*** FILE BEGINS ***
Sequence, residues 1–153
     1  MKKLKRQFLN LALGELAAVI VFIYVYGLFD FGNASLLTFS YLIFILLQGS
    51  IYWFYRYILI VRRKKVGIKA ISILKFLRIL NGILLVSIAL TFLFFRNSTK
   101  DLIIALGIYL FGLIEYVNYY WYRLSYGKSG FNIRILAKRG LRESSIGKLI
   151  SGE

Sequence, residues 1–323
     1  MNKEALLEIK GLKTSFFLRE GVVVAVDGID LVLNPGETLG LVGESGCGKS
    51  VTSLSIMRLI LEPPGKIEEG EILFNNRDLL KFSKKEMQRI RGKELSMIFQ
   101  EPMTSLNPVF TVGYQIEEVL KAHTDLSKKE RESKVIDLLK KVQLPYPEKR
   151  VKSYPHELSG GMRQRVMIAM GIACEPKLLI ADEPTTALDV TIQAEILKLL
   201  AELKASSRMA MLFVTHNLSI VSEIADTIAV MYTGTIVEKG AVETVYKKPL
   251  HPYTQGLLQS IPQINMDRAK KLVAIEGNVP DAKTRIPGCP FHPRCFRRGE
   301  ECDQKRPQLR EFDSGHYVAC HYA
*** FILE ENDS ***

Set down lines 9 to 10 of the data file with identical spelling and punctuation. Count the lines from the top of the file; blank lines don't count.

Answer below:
   101  EPMTSLNPVF TVGYQIEEVL KAHTDLSKKE RESKVIDLLK KVQLPYPEKR
   151  VKSYPHELSG GMRQRVMIAM GIACEPKLLI ADEPTTALDV TIQAEILKLL